I know that it can be tough, especially touring.

ALLY: People speak from a certain set of assumptions all the time, unfortunately, and a lot of those assumptions about women in rock music are sexist and misogynistic. People are sexist a lot of times without realizing it. There’s also a certain degree of ageism too, where people are not only surprised that we’re good at our instruments and confident playing them, but, you know, that’s coupled with the fact that they infantilize us. Because we’re young—and I mean, we are young and we look young—that fact is always brought to the forefront when it should be really irrelevant. All these generalizations get made about how old we are, as if our entire group only has one age.

I’ve seen you guys compared to riot grrl, even though that was long ago. How do you deal with those comparisons?

ALLY: When it comes up, we say, we’re not a Riot Grrrl band, it’s a really lazy conflation. A lot of times it’s only being made because we’re all women and our band name is the same name as a Bratmobile album. If you listen to us side by side next to a Riot Grrrl band, there’s not a lot of similarities going on. It’s a gender and genre conflation to call us that.

ABBY: It just happened the other day, where someone was promoting a show online and saying, “Oh, if you like Bratmobile, go to this Potty Mouth show.” It just feels really insulting. Bratmobile sounds nothing like us, and it’s frustrating that someone cares that little about correctly representing a band.

ALLY: In music, so often the norm is white male. And so anything that exists outside that norm is usually remarked upon because it’s the unexpected category. I would just encourage writers—especially music writers, because they’re the tastemakers of the world—not to turn a blind eye to gender and race, but when you’re talking about artists’ music, really talk about their music. And try to keep in check this certain position you’re speaking from, how your position in the world affects your view of the world.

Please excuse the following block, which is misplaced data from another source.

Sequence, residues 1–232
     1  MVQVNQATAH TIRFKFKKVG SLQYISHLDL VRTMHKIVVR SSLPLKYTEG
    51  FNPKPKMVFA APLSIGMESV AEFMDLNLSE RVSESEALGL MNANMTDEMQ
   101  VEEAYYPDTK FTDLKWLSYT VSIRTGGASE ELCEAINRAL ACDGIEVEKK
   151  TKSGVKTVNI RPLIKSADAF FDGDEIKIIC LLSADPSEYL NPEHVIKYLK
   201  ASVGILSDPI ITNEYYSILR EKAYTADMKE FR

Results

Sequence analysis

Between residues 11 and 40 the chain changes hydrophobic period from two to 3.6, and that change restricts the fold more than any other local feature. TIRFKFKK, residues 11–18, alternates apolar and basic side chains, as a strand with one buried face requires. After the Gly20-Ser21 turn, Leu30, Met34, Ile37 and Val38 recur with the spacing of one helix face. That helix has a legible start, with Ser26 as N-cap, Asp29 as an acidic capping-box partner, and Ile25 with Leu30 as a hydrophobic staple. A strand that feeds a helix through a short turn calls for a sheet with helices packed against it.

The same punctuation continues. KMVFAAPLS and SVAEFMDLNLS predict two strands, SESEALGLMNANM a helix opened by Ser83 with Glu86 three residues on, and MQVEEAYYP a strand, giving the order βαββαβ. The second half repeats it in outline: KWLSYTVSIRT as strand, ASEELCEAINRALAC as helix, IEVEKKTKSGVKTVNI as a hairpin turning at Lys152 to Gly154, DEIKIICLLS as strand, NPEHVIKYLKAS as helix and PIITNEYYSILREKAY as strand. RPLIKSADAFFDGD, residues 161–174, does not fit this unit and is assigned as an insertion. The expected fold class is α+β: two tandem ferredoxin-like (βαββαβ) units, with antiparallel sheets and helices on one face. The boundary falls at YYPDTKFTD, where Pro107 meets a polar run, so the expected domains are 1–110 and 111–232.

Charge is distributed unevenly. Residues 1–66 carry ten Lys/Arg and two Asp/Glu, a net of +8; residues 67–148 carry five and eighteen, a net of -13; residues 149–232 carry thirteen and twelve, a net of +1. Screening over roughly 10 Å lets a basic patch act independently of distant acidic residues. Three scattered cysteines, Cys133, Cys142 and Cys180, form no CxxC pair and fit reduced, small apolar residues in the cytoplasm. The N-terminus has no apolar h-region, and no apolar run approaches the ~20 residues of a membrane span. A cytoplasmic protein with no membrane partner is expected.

I hear a lot of all-male bands that sound a lot more like Bratmobile and Bikini Kill than we do. But those comparisons would never be made, because that cross-gender comparison seems unintelligible to people. I do feel like because we are a group of all women, if we ever played that style of stripped-down, really minimalist music, nobody would like us. We’d be criticized. But when a group of men do it, it’s revered for being a deliberate, artistic move. We live in such a highly gendered world, but it’s so important to realize where you’re coming from when you’re speaking about other people.

Any advice for girls looking to be involved with music?

ABBY: I would definitely say that it doesn’t have to be as complicated as you think it does. Music can be really simple and easy and still be catchy and fun.

ALLY: Also, don’t doubt yourself. Find friends who make you feel good and comfortable and play music with them. Don’t play music with people who don’t make you feel supported. ♦

Paula Mejia lives in Washington, D.C., and writes for SPIN, the Village Voice, and Myspace, among others.